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familylawexpert, Family Solicitor
Category: Family Law
Satisfied Customers: 311
Experience:  Substantial experience (14yrs +) in divorce, financial cases, cohabitation, pre-nuptial agreements and civil partnerships.
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who owns household goods when one spouse is deemed unfit to

Customer Question

who owns household goods when one spouse is deemed unfit to manage their affairs and is living in a nursing home and the other spouse living in the marital home refurbishes it and distributes some goods. the spouse living at home dies first leaving all to one child while 18 months later the dementia parent dies leaving all to another child. this child them claims for all the household goods saying they are hers. who do they belong to
Submitted: 4 years ago.
Category: Family Law
Expert:  familylawexpert replied 4 years ago.


My name is Mac and I can help with your question.

Did either spouse leave a will?

Customer: replied 4 years ago.

yes both did first one to die left all to one child while the next one left all to another child

Expert:  familylawexpert replied 4 years ago.

The only assets that pass with the estate of the deceased are the assets belonging to the deceased.

Household goods are not necessarily any different to any other assets, so there would have to be an investigation into whether the first spouse had paid for any of the household goods in particular. Any assets that could be identified as belonging to that spouse would have passed to the first spouse's child.

I expect that it may be hard to identify such purchases if they were made some time ago. To the extent that they could not be identified, or that they were bought from a joint account, I expect that a court would consider them to be joint assets, and therefore assets that passed to the second spouse on the first's death.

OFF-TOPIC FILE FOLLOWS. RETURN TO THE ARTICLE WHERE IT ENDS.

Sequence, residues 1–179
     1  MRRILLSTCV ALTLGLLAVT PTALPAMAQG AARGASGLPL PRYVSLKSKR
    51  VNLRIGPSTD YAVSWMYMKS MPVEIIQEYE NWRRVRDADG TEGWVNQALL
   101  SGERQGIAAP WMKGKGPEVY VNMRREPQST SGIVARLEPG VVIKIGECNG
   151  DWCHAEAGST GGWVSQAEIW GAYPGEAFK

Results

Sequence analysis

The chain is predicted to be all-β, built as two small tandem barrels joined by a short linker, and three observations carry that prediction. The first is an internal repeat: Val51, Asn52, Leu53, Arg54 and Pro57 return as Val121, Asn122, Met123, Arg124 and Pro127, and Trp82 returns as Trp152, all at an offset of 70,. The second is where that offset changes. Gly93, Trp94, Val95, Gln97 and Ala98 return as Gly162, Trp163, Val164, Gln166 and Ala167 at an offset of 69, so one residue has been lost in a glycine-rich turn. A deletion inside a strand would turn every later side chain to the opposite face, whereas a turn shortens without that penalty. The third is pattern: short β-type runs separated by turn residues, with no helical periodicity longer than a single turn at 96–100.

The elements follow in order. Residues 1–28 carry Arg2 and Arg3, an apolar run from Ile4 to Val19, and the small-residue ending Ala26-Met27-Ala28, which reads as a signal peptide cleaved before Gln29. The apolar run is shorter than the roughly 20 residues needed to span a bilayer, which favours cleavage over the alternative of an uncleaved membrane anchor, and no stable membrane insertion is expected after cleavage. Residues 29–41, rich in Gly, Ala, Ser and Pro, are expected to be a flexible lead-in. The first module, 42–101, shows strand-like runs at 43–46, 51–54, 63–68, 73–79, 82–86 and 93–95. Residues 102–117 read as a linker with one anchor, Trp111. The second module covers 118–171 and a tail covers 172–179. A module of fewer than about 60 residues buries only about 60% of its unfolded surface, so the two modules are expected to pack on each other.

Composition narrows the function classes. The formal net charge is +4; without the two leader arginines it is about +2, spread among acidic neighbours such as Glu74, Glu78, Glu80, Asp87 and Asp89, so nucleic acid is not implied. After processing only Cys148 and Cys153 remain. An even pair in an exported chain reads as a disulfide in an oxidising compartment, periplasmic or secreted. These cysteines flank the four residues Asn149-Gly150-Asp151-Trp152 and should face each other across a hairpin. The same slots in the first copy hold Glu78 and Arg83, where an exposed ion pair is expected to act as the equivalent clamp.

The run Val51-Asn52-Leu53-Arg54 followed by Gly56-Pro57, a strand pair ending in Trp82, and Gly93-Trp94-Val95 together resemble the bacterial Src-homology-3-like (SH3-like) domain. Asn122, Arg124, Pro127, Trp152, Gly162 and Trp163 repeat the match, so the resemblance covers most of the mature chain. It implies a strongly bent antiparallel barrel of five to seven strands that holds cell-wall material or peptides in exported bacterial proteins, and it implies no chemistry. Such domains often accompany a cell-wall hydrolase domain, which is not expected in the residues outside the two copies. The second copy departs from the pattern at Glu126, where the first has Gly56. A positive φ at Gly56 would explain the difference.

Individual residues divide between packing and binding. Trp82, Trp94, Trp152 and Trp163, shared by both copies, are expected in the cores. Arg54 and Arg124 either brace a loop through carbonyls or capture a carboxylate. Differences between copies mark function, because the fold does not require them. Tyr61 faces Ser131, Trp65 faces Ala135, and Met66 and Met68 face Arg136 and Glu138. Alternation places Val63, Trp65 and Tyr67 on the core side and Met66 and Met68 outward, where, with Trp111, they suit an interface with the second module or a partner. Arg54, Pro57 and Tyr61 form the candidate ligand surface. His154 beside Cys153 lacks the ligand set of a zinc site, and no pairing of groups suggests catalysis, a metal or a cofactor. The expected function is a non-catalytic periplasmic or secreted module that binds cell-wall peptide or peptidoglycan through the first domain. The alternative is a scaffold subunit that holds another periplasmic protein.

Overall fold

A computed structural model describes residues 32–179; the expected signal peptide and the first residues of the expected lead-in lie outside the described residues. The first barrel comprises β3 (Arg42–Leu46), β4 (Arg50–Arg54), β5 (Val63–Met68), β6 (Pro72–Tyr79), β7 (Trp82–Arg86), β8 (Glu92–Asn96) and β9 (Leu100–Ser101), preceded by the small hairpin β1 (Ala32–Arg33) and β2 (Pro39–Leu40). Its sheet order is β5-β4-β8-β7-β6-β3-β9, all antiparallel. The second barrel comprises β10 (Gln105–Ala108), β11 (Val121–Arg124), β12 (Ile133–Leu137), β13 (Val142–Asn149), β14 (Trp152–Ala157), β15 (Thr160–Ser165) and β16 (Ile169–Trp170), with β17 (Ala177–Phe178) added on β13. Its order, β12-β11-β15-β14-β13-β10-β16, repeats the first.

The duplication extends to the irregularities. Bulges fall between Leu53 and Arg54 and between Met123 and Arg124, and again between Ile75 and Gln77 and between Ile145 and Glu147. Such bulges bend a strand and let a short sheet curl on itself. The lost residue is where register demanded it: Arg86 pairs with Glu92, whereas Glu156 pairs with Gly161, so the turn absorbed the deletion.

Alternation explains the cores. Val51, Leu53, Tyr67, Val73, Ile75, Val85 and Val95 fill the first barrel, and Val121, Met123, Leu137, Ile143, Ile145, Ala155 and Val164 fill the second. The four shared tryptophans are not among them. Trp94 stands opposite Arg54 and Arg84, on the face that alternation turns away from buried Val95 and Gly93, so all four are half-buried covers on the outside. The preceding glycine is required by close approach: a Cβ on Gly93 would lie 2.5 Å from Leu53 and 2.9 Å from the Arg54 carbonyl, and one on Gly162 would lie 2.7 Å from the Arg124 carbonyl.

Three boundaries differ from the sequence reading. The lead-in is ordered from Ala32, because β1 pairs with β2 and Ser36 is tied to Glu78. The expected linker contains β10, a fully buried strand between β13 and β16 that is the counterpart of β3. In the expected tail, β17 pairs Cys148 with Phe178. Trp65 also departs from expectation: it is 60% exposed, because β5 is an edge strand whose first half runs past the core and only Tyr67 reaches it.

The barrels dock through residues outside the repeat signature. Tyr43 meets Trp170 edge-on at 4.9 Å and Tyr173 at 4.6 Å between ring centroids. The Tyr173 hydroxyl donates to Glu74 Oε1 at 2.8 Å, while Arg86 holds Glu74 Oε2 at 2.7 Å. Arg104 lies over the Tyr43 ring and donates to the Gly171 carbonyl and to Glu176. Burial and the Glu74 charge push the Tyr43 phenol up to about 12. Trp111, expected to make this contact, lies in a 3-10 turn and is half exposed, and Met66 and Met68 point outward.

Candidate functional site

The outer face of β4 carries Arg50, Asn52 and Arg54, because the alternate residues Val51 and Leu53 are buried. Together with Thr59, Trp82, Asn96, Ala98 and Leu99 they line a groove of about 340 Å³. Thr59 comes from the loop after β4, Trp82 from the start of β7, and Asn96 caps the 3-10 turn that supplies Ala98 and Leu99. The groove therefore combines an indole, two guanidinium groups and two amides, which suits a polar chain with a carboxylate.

Basically, there would need to be a full investigation, and I expect that the court would very much rather not get involved because of the cost of the court hearings versus the probable value of the household goods. Given the value / cost issue, it might be better for the two children either to split the value down the middle, or try mediation rather than court proceedings, but that may not be possible.

I hope that is helpful. If you would like me to clarify anything, please ask. If not, I would be grateful if you could rate my answer.

Customer: replied 4 years ago.

what if the first spouse had given these items to the first child when refurbishing the house after the second child said she wanted nothing from the house

Expert:  familylawexpert replied 4 years ago.

If the first spouse had already gifted assets when he/she was alive (and was entitled to do so by virtue of ownership), then those assets were already gone by the time the first spouse died, and therefore did not form part of the estate passing on death.

Customer: replied 4 years ago.